We're going to stretch that magic as far as it will go.

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Wednesday, August 22, 2012

And So It Begins

As of today, we are officially harvesting!


Here's a close up of what they're cutting. That's barley. Malting barley, to be specific. Which means, yes, what you're looking at is beer on the hoof. 


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Sunday, August 19, 2012

Prairie Thunder

I confess, I've been too busy taking full advantage of every second of our gorgeous summer days to write anything decent to post here. For now, you'll have to make do with more video. I apologize in advance for the unsteady camera, videoing from the back of a horse is dicey at the best of times, and doesn't get easier when a whole herd of her buddies comes thundering up in her face.



Nice sound effects, too!

Friday, August 17, 2012

We Interrupt this Daily Commute....

...because sometimes you've just gotta stop and watch the moose.


This was taken alongside the highway, just a mile north of the Milk River. We get a few moose wandering down out of the mountains every summer, but they're usually young males who've been chased out by the older, meaner dudes. This is the first time I've seen a cow and calf. 


Notice those buildings in the background? That's an abandoned Army radar base out here in the middle of nowhere, left over from World War II. A fascinating story for another time. 

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Wednesday, August 08, 2012

Panorama

In my lifetime I would estimate I've taken at least a hundred thousand pictures of this area, and none of them really does it justice. Still photography has a way of flattening out the landscape, so you can't really grasp the scope or scale of mountains, ridges and coulees. I decided to try a video panorama instead.

I took the video from my driveway, at the top of the ridge above our house. It starts out looking straight south then pans to the west, and ends looking straight north. At the very end, the far edge of the lighter colored grain crop is the Canadian border. That big ridge in the distance is in Alberta.

Now all I need is a better tripod so I can pan a little more smoothly!




Sunday, August 05, 2012



As is usually the case in summer, life has been hectic lately. Between rodeos and visiting family and swimming lessons and oh, yeah, work, things fall through the cracks. Like laundry. And dinner. People tell me to make a list. I've never had much luck with that, but I figured I should give it another shot so Wednesday I jotted down a few things I absolutely had to get done after work. Number one was roping practice, which wouldn't take long because I only needed to run a few to tune up my horse.

When I got home at six o'clock I started right in on my list. No dawdling allowed if I was going to be a better, more efficient me. I headed for the barn, then remembered it had rained over the weekend. I zipped the quarter mile out to check the arena instead. Ugh. Caked and hard and in need of working before I could rope. Back to the yard, then another quarter mile up and around to the indoor arena. I grunted and heaved the big front door open wide enough for the tractor, which actually started for a change even if it was on the third try.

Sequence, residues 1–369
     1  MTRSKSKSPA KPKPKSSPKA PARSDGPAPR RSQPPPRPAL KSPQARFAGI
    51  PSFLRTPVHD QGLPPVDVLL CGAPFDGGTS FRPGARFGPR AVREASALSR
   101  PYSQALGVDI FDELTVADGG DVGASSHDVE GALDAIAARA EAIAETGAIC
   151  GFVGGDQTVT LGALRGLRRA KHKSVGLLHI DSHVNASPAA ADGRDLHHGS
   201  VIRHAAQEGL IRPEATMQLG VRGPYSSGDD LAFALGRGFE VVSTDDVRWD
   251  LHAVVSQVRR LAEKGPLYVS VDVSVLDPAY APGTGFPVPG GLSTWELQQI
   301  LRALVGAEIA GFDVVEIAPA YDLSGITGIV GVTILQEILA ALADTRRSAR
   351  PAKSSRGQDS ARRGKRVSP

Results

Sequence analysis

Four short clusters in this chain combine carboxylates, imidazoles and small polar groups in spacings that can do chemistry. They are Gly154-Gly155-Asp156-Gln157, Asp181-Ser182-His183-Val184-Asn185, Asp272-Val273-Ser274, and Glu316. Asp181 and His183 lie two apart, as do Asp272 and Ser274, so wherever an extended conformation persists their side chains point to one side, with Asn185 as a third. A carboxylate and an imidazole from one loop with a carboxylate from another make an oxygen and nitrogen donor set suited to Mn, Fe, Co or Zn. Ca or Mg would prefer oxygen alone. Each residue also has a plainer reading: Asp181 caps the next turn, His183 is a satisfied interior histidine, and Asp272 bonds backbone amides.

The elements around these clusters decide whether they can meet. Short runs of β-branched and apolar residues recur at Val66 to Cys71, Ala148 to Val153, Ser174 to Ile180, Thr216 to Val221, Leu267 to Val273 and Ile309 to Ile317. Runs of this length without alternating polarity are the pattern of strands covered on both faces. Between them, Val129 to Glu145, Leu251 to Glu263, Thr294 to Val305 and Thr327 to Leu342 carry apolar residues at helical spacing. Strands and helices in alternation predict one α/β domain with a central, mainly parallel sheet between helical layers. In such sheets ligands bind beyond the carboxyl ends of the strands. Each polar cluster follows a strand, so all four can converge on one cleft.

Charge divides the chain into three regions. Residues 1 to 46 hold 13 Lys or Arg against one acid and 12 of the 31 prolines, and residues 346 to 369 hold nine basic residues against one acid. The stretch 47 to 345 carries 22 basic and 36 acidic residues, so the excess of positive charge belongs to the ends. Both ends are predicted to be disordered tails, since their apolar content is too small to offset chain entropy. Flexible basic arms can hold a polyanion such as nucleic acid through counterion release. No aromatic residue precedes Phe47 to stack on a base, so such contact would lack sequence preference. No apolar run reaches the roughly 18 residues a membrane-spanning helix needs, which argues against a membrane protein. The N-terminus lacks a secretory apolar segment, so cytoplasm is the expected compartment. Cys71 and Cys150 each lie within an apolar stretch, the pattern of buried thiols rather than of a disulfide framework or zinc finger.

Chug, chug, chug…down and around and back to the outdoor arena, where I spent an hour putting around and around until the ground was sufficiently fluffy. Then chug, chug, chug back to the yard. I parked the tractor, called the dog and hiked over to chase the roping calves from their pen to the arena. Except the steers were in the way so first we had to round them up and lock them in the feedlot, where they promptly trotted out the open bottom gate and disappeared over the hill.

Note to self: Add 'gather the roping steers' to Saturday's list.

When I was done swearing, the dog and I sorted off the bum calf that doesn't get roped and locked him in his separate pen, then chased the rest over to the arena. Then I swung past the house to roust my nephew for chute help and toss a peanut butter sandwich in the general direction of my son. Then back to the barn, where my husband's horse had to be captured so he didn't try to attack the others as they passed through the corral, and my mare needed water before I could take her in the barn to administer her arthritis medicine which of course I'd forgotten down at the house, requiring another quarter mile jog.

The geldings were nowhere to be seen. I grabbed a bucket of grain and trudged half a mile to wrangle them from the far east end of their pasture, and half a mile back with two horses trying to rip the bucket out of my hand. Saddled and bridled, I set off for a trot around the hayfield, riding one horse and leading the other so I could both warm up and exercise at the same time. Efficiency counts, you know. Two hours after I started getting ready, I finally roped. Seven calves. Approximately five minutes of practice.

See, I knew it wouldn't take long.

Then I turned around and began putting everything back where it came from. At forty-three minutes after nine I staggered into my house and scratched off the first item on my agenda. I flopped down on the couch, list in hand, and tried to figure where I’d gone wrong.

I’m still at a loss. I guess some people just aren't genetically pre-disposed to being organized because no matter how hard I try, I never seem to get past number one. 


My well-groomed arena

Addendum: For those of you who've stumbled through here more than once, a follow-up to my previous post on Fender Benders. Two weeks later, a credit to the healing power of horse flesh and Vetericyn.